The D’Souza family circa 2008. Marina’s gifts to the Church and ShareLife carry on even after her death. Photo courtesy Noel D’Souza

A life of giving continues beyond the grave

By  Noel D’Souza, Catholic Register Special
  • November 3, 2021

My mother, Marina D’Souza, was born in India, the third of five daughters. She was a sensitive and empathetic child, a trait that would serve her well in her future career.

Coming from a family of doctors, Mom’s original career path was to be in medicine. However, her tendency to faint at the sight of blood put a swift end to that. Instead, Mom turned to teaching, a profession that at the time was not particularly well-respected and didn’t pay well. But that was beside the point: Mom loved teaching young minds. And by all accounts, she was well-loved and respected by her students.

Mom was of course a very good student and had multiple scholarships offered to her for study abroad. She declined study in the United States, opting to further her education in England in 1965. She then returned to Bombay and received her Bachelor of Education, where she stood First Class First, and taught at Canossa Convent school for a few years, then at the well-known Bombay International School. It was during this time that she was introduced to an eligible bachelor by her eldest sister, a man that she would soon call husband and I would call dad. They were married on Christmas Day in 1972. A year later, I came along to inject a little mayhem into their lives.

In 1976, the three of us migrated to Canada. Mom and Dad faced many financial and social challenges and had to start from scratch in their careers. Mom took night courses to “prove” that she was well-educated and capable, along with juggling her job as a teacher and a mother. Initially she struggled to get work as a supply teacher, but her talents landed her a full-time position and she taught at St. Lawrence School and then St. Cyprian School (now Epiphany of Our Lord Academy) for many years, until her early retirement in 1997.  Her quiet retirement was interrupted by a couple of life-changing accidents and the passing of her husband in 2010, but through the adversity she maintained her faith, hope, love and service. She lived happily with me until her passing in May 2021.

Service to God and neighbour was always a big part of the lives of both my parents. They were both lectors at our church and members and household heads of Couples for Christ. Mom was an active member of the Society of St. Vincent de Paul.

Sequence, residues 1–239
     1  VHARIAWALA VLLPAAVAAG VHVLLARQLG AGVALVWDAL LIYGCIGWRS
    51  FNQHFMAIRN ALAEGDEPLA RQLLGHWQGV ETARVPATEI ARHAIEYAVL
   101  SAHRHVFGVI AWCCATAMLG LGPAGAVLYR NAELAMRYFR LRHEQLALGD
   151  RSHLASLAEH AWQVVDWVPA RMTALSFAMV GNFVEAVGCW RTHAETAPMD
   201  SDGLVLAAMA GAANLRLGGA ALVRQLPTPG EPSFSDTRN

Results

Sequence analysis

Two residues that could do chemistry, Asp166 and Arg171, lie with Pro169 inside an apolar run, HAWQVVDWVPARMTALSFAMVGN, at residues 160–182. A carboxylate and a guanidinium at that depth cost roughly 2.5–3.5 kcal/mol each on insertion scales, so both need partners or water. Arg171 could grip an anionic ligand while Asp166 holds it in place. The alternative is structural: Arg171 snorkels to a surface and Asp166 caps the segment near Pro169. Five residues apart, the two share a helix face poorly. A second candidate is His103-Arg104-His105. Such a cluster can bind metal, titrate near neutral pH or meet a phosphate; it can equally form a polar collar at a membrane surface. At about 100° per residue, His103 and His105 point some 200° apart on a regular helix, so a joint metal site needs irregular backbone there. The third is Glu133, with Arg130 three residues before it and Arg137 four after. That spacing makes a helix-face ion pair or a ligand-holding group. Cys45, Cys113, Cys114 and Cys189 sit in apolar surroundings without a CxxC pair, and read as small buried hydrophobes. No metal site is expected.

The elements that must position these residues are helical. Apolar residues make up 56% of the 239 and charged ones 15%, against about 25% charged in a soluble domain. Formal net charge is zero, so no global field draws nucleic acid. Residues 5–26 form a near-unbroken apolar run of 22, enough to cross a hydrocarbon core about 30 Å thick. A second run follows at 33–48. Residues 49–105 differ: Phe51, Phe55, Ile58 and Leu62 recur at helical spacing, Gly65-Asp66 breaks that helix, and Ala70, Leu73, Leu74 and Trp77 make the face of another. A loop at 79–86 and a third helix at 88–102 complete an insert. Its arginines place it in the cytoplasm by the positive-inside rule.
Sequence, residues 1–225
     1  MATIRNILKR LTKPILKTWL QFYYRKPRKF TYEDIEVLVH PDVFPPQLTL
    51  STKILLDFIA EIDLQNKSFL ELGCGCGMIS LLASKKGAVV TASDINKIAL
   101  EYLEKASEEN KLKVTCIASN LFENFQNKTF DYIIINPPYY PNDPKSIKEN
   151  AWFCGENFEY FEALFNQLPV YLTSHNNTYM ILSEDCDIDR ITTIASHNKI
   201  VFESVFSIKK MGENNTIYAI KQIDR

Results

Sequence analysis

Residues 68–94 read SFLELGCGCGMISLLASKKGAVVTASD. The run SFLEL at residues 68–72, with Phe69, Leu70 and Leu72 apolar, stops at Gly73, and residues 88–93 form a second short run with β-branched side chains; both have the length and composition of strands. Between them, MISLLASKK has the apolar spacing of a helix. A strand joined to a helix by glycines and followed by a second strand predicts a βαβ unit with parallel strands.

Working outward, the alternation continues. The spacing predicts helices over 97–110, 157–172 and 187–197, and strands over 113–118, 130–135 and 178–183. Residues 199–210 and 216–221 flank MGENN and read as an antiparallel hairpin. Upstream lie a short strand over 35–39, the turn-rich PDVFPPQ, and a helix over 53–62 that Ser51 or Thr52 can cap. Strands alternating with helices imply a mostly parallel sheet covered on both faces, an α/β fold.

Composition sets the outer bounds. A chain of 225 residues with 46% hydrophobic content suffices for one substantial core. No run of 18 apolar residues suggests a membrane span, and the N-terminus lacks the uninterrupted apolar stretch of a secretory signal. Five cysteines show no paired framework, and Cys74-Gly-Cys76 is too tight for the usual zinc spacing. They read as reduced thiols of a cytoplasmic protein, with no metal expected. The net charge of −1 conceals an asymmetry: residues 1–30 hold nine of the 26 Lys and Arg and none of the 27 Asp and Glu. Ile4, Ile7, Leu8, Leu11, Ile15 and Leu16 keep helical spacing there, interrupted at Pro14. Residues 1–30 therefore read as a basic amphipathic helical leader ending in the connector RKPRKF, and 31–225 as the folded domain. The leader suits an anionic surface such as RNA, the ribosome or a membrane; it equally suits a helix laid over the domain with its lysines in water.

Mom rarely spent money on herself, but happily donated to our church, ShareLife and a number of charities. There are hundreds of worthy charities in Canada. However, when making a donation to ShareLife, my mother knew the funds would be distributed with care and with Catholic values and principles top-of-mind.

As with many young families, money was tight for several years as my parents worked to establish themselves. This was no small task … they were middle-aged immigrants and at the time their extensive Indian education and experience was given little weight in Canada. But as they became more financially secure, my parents felt more comfortable with growing their commitment of both time and treasure to our parish and to ShareLife. This started with increased donations at the Sunday collection and eventually led to the donation of appreciated securities to ShareLife during the annual Parish ShareLife Appeal, as well as a legacy as part of her estate plan.

In early 2010 my father passed away. With no financial dependents, only one adult child and some savings and investments, my mother had to think more concretely about her own legacy and how best to make it a reality.

Fortunately, she had a son who is a financial planner.

We talked openly about her final wishes and worked together to determine what she could afford to give while meeting her other estate planning goals and how best to make that gift in a simple yet tax-efficient way.

After reviewing her situation, we decided to donate her RRIF as her legacy gift and named the Archdiocese of Toronto and ShareLife as beneficiary of her account. This way the funds would be delivered quickly, without having to wait for the Will to be probated, and would also be tax-efficient.

After setting it up, my mother was relieved to know that even in death she would be supporting the Church and its ongoing mission to spread the good news of salvation.

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